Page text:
5. Okay. How about if we disregard that GT500 above that MAY be 1967 Acapulco Blue and try this 1964 Mustang Convertible. This car is used widely as an example of Guardsman Blue paint. I've found pictures of this car in several locations, often the same pictures.
  6. It looks sweet. And in general, it's true that race cars these days are far shinier than they were in the 60s. Not entirely the case, but generally yes. It's hard to get a model not so terribly shiny without it looking like something the dog left in the back yard. In the late 60s I was on the crew of a Tiger racing in SCCA. Built by Doane Spencer of Hollywood Sports Cars. Owner/driver was Ron Dykes. It's now restored to how it was when I was working on it. At the time, the other crew members (including Rick Titus, son of Jerry Titus, Shelby Team driver and creator of the Firebird Trans Am) and I would get frustrated when we would be doing something like re-installing the engine after freshening it up and Ron would tell us to stop and put another coat of wax on the body. 😏 Build a model of that car and it will need to be quite shiny. In those days, a race car was to be raced and was treated pretty hard. If it was taken to a car show, time would be spent on shining it up, but otherwise, they were pretty scruffy.
  7. After researching that color for some time, that was the picture that I felt best represented the color. The Zero Paint Guardsman looks pretty fair in that pic. Not so very flaky as what I saw before. Unfortunately the Zero Paints is back-ordered. And so does the Arctic blue on Snake's Cobra look good. So maybe that's a good solution. This 67 GT350 is said by Mecum to be Acapulco Blue. Hard to tell the difference from Guardsman Blue that the GT500 is said to be painted. The Acapulco Blue is 1967 Shelby GT350/500 paint color. The Guardsman is not for 1967. Is it the same color under a different name? Maybe someone who can read paint formulas can tell us. Sorry to "borrow" your page image without prior written approval Mecum. I tell you what...You don't fuss about me sharing your page and I won't charge you for the advertising.
  8. Having checked out MCW, I see that their prices are rather higher than last time I dealt with them. For a spray can the price+shipping+tax comes to nearly $30US. That is more than the cost of the model kit in the same terms. That kind of price ($30) for paint for a Model Factory Hiro 1/12 scale kit would be acceptable. But for a Revell 1/25 Cobra, not so much. I've seen a model painted with the Zero Colors, I agree it looks very flaky. So back to maybe Tamiya. 🤔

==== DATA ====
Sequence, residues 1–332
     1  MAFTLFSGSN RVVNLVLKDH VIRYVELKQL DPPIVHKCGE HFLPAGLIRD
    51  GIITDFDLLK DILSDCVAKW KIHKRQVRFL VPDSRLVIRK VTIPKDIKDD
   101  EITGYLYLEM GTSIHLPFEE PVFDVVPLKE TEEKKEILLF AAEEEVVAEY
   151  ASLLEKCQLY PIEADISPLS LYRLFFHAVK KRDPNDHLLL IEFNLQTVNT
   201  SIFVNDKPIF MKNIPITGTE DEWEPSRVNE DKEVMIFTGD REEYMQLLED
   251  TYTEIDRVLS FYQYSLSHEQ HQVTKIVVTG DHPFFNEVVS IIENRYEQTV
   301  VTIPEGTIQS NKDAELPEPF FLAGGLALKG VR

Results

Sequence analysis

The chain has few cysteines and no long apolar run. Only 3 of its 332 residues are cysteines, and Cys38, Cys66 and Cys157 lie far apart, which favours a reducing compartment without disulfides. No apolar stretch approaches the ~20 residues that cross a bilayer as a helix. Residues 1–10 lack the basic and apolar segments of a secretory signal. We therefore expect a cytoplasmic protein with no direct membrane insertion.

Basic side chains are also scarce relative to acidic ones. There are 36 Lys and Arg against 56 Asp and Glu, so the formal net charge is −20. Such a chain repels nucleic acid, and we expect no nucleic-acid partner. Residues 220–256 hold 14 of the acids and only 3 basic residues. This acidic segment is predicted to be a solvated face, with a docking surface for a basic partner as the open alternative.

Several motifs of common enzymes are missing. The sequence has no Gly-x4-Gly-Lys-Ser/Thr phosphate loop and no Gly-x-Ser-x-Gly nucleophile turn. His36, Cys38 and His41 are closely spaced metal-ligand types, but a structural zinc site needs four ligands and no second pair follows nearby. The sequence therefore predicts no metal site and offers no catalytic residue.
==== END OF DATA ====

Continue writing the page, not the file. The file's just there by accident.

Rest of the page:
9. @ bigfatforty I was forgetting MCW. Maybe I'll try that. Thanks. @Snake45 Model Master Arctic Blue is pretty. But a little dark compared to the original as shown above. I agree with your comment in your signature though.
  10. On my work bench these days, I have a couple of Cobras and a GT350. The intended color is Ford 1964 Guardsman Blue, as used by Shelby for the stripes on the white GT350s and the main body color on the 427 Cobras. Been shopping for paint, and searching the model forums for suggestions as to which is the best/closest model spray paint. Trying to judge from online paint color chips or pictures of other people's models is more frustrating than productive. I've searched this and other online forums for info, but amazingly, considering the many model kits of Cobras and such...I'm not finding any info. There is a current thread in under glass about a '67 GT350 and a guy posted pics of his friend's full scale 67 GT500 that is the exact color. I know the paint code Ditzler/PPG 12832. I could in theory go to an automotive paint shop and order a small amount of paint to that code. But metallics for full scale cars used on a 1/25 scale model winds up looking like coarse metalflake. more appropriate fora 60s Kustom or a Meyer's Manx fiberglass buggy. So does anyone have suggestions which spray paint would be best for a Cobra?
  11. For a 68 GT500 with a proper chassis, I used an AMT 67 GT350 chassis with the front inner fender wells and firewall cut out of the body and installed inside the '68 body shell. Used the engine from the '68. Some years back I worked on the crew of a 67 GT350 vintage race car. We won an enduro (day into night) at Willow Springs Raceway. Unfortunately, the pics of the car itself were stolen/wiped by Microsoft a few years ago. So all I have now is the t-shirt.